Added points are awarded if a skier spins in the direction which they consider to be unnatural, and takes off or lands switch (backwards).
Ski slopestyle first developed as a sport when Salomon brought out their first twintip skis, the 1080 in 1997. At the time halfpipes and terrain parks were the preserve of snowboarders, and freestyle skiing consisted of the classic events – moguls, aerials and ballet. The twintip revolution changed all of that and in 2002 American skier Tanner Hall won the first ever ski slopestyle event at the X Games.
Ski slopestyle was introduced into the Olympic programme at Sochi 2014, the same time as snowboard slopestyle, and the two disciplines take place on an almost identical course, made up of rails and jumps.
The objective in ski slopestyle is to produce a run that makes best use of all the features and jumps, producing technically difficult tricks that link together.
Five judges mark each run on trick difficulty, execution (including landings) and amplitude (height). They score on a 10 point scale to one decimal point, with the highest and lowest score dropped from the total.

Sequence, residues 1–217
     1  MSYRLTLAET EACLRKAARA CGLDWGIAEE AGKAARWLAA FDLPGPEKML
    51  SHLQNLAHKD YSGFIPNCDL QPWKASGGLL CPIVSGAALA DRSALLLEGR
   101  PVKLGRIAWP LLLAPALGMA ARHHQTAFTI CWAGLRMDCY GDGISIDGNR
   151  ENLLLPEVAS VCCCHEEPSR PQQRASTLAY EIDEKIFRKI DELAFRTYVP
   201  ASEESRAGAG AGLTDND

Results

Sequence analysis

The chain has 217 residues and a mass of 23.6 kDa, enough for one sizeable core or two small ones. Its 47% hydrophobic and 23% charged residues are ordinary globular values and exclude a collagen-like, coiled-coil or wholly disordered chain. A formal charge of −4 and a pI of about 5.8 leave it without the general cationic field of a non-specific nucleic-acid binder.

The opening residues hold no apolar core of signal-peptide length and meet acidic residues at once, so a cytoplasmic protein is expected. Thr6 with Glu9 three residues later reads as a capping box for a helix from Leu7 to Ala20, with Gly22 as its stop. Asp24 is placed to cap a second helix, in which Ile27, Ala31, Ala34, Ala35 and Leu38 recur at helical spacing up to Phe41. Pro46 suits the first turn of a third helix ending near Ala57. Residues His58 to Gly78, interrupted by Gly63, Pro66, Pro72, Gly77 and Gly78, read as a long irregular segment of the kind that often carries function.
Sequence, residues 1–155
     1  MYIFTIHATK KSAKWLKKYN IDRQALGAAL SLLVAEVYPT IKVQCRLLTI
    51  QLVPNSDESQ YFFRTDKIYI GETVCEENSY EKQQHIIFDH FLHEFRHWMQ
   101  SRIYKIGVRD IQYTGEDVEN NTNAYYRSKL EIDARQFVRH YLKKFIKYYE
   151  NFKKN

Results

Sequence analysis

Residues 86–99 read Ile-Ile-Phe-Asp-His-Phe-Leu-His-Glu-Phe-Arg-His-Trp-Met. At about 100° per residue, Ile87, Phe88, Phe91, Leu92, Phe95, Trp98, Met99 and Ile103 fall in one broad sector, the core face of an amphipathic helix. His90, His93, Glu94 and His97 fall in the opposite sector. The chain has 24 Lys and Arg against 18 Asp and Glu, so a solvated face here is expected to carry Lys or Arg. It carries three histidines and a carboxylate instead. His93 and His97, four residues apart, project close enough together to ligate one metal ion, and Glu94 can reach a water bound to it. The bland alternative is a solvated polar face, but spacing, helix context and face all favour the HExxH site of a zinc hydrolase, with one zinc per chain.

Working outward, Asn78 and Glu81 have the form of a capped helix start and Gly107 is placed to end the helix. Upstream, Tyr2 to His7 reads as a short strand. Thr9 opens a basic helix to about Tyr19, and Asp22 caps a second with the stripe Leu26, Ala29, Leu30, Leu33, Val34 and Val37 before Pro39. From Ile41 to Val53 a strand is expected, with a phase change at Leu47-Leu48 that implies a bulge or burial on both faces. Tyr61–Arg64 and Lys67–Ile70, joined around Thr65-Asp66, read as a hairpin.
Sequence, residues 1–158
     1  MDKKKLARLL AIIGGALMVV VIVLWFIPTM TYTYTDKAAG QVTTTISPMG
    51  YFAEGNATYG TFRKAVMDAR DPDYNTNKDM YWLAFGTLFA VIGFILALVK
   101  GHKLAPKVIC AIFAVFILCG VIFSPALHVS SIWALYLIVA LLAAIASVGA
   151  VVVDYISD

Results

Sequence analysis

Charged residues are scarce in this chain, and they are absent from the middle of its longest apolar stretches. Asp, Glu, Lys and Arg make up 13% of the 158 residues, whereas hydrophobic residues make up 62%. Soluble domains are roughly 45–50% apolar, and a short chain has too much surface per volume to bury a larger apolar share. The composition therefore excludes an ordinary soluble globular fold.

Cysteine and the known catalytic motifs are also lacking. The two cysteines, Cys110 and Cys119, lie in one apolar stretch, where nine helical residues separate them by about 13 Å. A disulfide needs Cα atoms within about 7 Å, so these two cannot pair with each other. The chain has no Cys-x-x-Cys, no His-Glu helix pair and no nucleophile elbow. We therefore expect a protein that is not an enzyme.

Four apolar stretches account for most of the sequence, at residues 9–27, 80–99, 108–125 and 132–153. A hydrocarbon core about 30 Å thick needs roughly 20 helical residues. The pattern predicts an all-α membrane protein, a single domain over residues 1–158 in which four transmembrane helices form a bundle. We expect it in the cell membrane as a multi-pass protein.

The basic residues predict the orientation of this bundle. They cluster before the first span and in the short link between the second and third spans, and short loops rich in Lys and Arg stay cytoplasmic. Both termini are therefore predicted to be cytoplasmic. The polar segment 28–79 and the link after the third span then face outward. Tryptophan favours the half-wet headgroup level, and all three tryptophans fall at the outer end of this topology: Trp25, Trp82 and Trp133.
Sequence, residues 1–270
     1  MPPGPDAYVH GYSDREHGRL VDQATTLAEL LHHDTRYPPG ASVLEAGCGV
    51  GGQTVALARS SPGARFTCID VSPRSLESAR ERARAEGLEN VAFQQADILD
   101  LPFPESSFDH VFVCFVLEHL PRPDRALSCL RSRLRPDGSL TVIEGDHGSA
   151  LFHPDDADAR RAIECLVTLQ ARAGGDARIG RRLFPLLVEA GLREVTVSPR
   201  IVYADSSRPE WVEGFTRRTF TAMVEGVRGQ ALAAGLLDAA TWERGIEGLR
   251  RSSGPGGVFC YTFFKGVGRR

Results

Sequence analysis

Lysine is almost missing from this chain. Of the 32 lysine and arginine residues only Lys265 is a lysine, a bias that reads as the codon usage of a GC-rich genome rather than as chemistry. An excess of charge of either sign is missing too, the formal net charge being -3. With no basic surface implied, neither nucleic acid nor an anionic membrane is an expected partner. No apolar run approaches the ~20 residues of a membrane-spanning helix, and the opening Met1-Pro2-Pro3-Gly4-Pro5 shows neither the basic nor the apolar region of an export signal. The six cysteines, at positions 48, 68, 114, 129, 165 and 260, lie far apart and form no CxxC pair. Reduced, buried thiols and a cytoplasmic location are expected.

Off-Axis: The big difference between the old school discipline of aerials and slopestyle is that the spins and flips are performed in a compact, crouched position and off axis, ie on an axis that’s neither horizontal nor vertical.
Leftside and Rightside: Describes which direction a skier spins off a jump or onto a jib feature. It’s important to show the judges a good variation in the direction of spins.
Switch: When the skier is going backwards. A switch trick means that the rider has taken off, rather than landed, backwards.
Spins: Are measured in degrees of rotation – 180, 360 etc, with the numbers often shortened to just the first digits. When spinning on to boxes or rails, skiers spin through 90 degrees less, because the skis travel sideways down the rail, eg 450 on 270 off.
Corked spins: Off axis spins that orientate the skier sideways or partially upside down in the air, with their head and shoulders dropped below the level of their feet. Eg, in a triple cork 1440 the skier performs four full rotations and is upside down three times.
Nose butter: Skidding the tips of the skis across the lip of the jump on take off.
Grabs: Where skiers take hold of the skis and which hand is used dictates the type of grab. Common names include Japan, mute, safety and tail.